.. When she took over the institution, banks and companies were moving $5 billion out of the country every month, and inflation topped 7%.She shut down 70 banks in her first year.
.. Ms. Nabiullina stopped a longstanding policy of spending billions of dollars from the country’s reserves to try to prop up the ruble. In December 2014, with the ruble continuing to fall, the central bank nearly doubled its key lending rate to 17% at an emergency late-night meeting... The rate increase restored calm to markets but strangled the country’s consumer-fueled growth. The country’s emerging middle class, which had become used to foreign vacations and European cars, is still feeling the effects of the ruble’s collapse... Since she took office, she has halved the number of Russian banks, shutting down about 440 lenders. She has reduced capital outflows by about 50% to $2.5 billion a month... Many of the banks she closed had been considered untouchable, analysts said. Some, such as Promsviazbank, counted lawmakers and state-company executives among its shareholders and held money for national oil companies and the Orthodox Church... Others, like Bank Sovetskiy, had served political objectives, providing banking services in Crimea, the Ukrainian region the Kremlin annexed in 2014.
.. When the central bank took over Yugra last June following repeated warnings, it said it found a $600 million deficit in its balance sheet masked with bad loans. Just hours before the bankrupt bank’s license was due to expire, the prosecutor’s office ordered a halt to the closure, calling the bank “a financially stable credit organization.” Ms. Nabiullina rejected the order... “It was a test of will, and she won,” said banking analyst Mr. Lukashuk... In January, inflation hit a record low for the post-Soviet period of 2.2%, a result of Ms. Nabiullina’s decision to keep interest rates high after the Crimea sanctions. Some tycoons have urged a faster reduction... Still, she has struggled to regulate Russia’s lesser, underperforming state-owned banks, whose executives often treat them as fiefs, analysts said. These banks are kept afloat by constant injections of state funds, which the executives have funneled into unrelated assets ranging from supermarkets to railroad cars... Almost a trillion rubles of public capital, about $16 billion at today’s rate, went to just three state-owned banks—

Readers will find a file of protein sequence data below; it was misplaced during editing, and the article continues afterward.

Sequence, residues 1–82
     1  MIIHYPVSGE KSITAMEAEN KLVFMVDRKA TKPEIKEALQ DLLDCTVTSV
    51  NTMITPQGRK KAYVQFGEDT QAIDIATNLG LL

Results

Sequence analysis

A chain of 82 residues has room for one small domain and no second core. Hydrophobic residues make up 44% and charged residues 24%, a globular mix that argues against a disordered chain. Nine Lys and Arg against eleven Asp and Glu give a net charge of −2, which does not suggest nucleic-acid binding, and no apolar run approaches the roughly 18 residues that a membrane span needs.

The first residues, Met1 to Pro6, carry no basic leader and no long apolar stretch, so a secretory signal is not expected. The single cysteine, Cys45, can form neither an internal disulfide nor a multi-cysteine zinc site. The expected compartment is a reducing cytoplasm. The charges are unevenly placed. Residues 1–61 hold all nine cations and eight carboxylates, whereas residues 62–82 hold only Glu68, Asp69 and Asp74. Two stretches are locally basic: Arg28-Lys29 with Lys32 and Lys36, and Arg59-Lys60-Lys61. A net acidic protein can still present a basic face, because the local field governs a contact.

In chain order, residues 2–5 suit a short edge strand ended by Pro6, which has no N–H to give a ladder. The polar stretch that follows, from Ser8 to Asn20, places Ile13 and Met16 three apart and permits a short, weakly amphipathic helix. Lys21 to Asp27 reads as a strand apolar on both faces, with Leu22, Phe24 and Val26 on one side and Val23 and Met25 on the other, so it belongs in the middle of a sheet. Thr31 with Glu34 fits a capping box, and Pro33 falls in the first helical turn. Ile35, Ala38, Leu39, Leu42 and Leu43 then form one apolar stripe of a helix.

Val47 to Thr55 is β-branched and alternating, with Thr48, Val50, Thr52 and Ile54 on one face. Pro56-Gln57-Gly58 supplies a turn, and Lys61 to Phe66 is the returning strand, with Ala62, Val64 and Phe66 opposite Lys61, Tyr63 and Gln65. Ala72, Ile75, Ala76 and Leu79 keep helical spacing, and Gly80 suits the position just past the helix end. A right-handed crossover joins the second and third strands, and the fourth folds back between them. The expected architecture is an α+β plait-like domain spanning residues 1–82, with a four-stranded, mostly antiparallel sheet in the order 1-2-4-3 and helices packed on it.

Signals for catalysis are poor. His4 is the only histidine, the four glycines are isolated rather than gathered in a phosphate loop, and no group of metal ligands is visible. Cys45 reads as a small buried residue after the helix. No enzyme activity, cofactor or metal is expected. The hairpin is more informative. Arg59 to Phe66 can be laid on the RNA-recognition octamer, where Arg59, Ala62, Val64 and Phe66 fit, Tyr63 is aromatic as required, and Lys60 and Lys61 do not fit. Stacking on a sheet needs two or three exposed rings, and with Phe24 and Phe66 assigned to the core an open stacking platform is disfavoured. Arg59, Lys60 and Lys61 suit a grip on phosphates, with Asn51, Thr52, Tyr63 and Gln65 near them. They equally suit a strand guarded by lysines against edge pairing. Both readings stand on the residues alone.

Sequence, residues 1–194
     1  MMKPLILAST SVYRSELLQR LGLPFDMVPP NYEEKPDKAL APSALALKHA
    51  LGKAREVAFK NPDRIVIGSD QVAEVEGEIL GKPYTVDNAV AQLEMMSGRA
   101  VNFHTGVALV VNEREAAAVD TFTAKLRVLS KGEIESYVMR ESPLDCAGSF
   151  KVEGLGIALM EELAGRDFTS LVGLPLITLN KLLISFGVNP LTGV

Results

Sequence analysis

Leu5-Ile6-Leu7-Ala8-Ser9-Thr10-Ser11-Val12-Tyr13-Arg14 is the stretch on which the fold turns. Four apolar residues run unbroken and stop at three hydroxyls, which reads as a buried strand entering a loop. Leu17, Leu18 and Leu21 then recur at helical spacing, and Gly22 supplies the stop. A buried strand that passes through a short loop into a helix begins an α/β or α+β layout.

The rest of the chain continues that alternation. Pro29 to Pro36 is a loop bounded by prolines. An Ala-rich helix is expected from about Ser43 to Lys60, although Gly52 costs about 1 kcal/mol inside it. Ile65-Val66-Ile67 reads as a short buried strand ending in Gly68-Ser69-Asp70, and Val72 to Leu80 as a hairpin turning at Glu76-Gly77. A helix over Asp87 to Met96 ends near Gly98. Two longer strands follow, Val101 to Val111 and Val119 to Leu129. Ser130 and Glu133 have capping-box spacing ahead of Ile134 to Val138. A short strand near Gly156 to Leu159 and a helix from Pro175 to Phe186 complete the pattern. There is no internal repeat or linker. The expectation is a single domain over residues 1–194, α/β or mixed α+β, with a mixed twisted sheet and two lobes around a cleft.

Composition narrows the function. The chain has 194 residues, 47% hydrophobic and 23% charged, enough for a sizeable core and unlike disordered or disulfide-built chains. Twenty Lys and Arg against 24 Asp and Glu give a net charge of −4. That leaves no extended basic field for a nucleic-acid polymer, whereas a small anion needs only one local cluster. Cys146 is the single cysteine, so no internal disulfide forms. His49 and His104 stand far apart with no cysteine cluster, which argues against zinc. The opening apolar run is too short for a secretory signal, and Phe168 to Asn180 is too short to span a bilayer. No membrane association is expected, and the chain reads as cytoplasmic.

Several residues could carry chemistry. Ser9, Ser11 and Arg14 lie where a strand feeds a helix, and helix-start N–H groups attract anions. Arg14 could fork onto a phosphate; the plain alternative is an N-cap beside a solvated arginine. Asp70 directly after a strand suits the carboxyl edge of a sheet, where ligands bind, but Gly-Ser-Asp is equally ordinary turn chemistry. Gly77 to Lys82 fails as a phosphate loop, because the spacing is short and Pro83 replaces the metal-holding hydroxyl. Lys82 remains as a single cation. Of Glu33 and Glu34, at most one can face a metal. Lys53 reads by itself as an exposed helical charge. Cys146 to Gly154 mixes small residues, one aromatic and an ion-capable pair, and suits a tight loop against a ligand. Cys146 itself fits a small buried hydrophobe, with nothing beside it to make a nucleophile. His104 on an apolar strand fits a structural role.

- Gazprombank and
in the first four years of Ms. Nabiullina’s central-bank term, according to Fitch Ratings. All are still saddled with bad debts or illiquid assets.
.. Her modest economic forecasts have consistently lagged behind Mr. Putin’s goals, which she said can only be achieved through deep, unpopular changes to the system.
Even if the price of oil rose to $100, from around $65 today, she said, “it’s very unlikely that our economy can grow above 1.5% to 2%” a year.
For more than 30 years, Mr. Trump has repeatedly sought to conduct business in Russia. He traveled to Moscow in 1987 to explore building a hotel. He applied for his trademark in the country as early as 1996. And his children and associates have met with Russian developers and government officials on multiple occasions in search of joint ventures.
.. But the company says nothing has come of it.
There Was a Moscow Hotel Deal in the Works During the Campaign
.. Perhaps the closest Mr. Trump came to launching a real estate project in Russia was during the presidential campaign, when he signed a letter of intent in late 2015 for a Trump hotel to be built in Moscow. Ultimately, the deal never materialized.
In email exchanges with Mr. Trump’s personal lawyer, Michael D. Cohen, Felix Sater, a Russian émigré who had previously helped develop Trump SoHo in New York, talked about securing financing for the Moscow project from VTB, a major state-owned Russian bank under American sanctions. He also mused about how the deal, if supported by Russia’s president, Vladimir V. Putin, would “fix relations between the countries by showing everyone that commerce & business are much better and more practical than politics.”